Dependency Injection with Dagger 2
In this post I will talk about Dependency Injection with some general examples, what is dependency, what is injection, what happens without it, what happens with it, why do you need it and how to use it on an Android project using Dagger 2.
What is Dependency?
To understand what Dependency Injection is and how it works we first need to understand what are dependencies.
In short, in object oriented programming a dependency is a coupling between two classes of our code, usually because one of them uses the other to do something.
Let’s take a simple example to understand this better:
We have two objects A and B. A needs B to do its job, therefore B is a dependency of an A.
Why Dependencies are bad?
Too many dependencies will lead to hard dependency problems which will make our code:
- Hard to reuse
- Hard to test
- Hard to maintain (when project scales up)
Reusability is one of the core commandment of OOP. When classes and methods are coupled and dependant on many things, its reusable nature decreases.
In order to test if our method or class works properly, in most cases, we will need to mock some objects. But if there are so many dependencies within that method or the class it will be hard or impossible to test it.
If a java class creates an instance of another class via the new operator, then it cannot be used and tested independently from that class.
If our code can not be tested properly and the components are not reusable and at the same time the project continues to grow, at some point, it will become very difficult to maintain.
Now that we now what dependencies are it’s much easier to explain what Dependency Injection (DI) is.
Dependency Injection is just one of the techniques to avoid dependencies. It is a technique where one object supplies the dependencies of another object. The general concept behind Dependency Injection is in programming called the Inversion of Control. According to this concept, a class should not configure its dependencies statically but should be configured from the outside. In other words, no class should instantiate another class but should get the instance from a configuration class.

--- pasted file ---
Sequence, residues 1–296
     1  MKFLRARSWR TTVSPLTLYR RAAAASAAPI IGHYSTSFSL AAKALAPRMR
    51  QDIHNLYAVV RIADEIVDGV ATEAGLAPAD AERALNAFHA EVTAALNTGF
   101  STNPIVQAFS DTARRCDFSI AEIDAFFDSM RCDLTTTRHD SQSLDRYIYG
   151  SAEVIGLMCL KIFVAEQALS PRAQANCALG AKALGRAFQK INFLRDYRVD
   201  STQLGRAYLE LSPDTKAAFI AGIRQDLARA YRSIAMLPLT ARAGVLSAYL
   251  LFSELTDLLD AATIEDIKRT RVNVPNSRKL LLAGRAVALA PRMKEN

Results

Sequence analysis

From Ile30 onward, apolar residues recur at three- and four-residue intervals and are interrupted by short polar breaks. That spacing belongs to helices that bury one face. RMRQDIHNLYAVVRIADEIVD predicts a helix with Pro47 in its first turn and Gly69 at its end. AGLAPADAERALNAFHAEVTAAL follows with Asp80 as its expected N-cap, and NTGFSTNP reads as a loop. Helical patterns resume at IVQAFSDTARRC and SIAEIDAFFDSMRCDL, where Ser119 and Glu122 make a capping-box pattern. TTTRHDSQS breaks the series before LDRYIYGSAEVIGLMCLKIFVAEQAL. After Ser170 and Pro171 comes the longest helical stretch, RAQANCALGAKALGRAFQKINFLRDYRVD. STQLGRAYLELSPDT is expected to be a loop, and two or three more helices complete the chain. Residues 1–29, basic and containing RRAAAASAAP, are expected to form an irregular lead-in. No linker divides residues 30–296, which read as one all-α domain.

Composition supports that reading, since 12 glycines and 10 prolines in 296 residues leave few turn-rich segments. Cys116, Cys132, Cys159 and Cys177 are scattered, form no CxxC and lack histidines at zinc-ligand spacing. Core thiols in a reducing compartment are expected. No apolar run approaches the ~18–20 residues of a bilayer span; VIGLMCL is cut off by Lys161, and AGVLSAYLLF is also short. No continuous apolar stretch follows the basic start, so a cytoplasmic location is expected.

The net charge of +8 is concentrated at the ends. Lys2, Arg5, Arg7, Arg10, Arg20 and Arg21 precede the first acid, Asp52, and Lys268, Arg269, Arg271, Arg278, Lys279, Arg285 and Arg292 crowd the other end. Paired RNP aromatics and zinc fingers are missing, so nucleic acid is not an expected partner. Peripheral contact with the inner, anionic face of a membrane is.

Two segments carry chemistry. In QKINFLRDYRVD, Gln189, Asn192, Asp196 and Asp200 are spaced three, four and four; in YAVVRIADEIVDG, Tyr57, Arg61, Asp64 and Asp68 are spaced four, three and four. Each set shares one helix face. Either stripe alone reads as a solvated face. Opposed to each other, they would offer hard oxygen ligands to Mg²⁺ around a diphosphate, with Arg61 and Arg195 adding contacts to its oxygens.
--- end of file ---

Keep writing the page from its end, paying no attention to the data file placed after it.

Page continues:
Dagger 2 is one of the open-source DI frameworks which generates a lot of boilerplate code for us. It’s the second version of the popular Dagger framework developed by Square inc. Relations between classes in the application are represented by Direct Acyclic Graph, hence the name.
Why Dagger 2?
Right now this is the only DI framework which generates fully traceable source code in Java which mimics the code that user may write by hands. It no longer uses reflection, which means it’s more traceable and easy to debug. Also, the simplicity and performance of the generated code are on the same level as the handwritten code. Long story short, Dagger 2 generates all the dependency injection boilerplate for you.
How dependencies are formed
How does it work?
Dagger 2 framework works on Annotation processor. So all the code generation is traceable at the compile time.
Annotation processors are code generators that eliminate the boilerplate code by creating code for you during the compile time.
Annotations are the class of metadata, that can be associated with class, methods, fields and even other annotations. Annotations in Java are used to provide additional information, so it is an alternative option for XML and Java marker interfaces. These methods can also be used during the runtime via reflection.
How to use it?
There are 4 main parts in Dagger 2:
- @Inject (base annotation whereby the dependency is requested)
- @Providers (classes which methods provide dependencies)
- @Module (methods inside @Module, which tell Dagger how we want to build and present a dependency)
- @Component (the bridge between @Inject and @Module)
First and most important annotation. We can use it for:
- Constructor injection
- Field injection
- Method injection
Basically, this annotation will tell the Dagger what dependencies need to be transferred to the dependant.
This annotation is used to create the interface which contains methods specifying where you want to perform the injection. In other words, component is a bridge between the generated code and the dependencies.
This annotation declares which objects you want to be available for injection.
For example. We can have a module called DairyModule and this module can provide Milk and Yogurt dependencies to other classes. In this case, we need to mark the DairyModule with @Module.
This annotation is used in classes annotated with @Module and is used for methods which provides objects for dependencies injection.
In this article, we covered some basic usages of Dagger 2 framework. We already can see some of its strengths and weaknesses, but there is still a lot more to explore. Like @Scope, @Qualifer and how to manage the component. I am sure you have realized how Dagger 2 will change the way we develop our project, especially when combined with MPV pattern and RxJava when it will unleash its full potential.
For me, the best way to understand Dagger 2 is by reading its generated code, in most cases, if you get lost, it will help you to figure out your problem. Also, I recommend checking the documentation.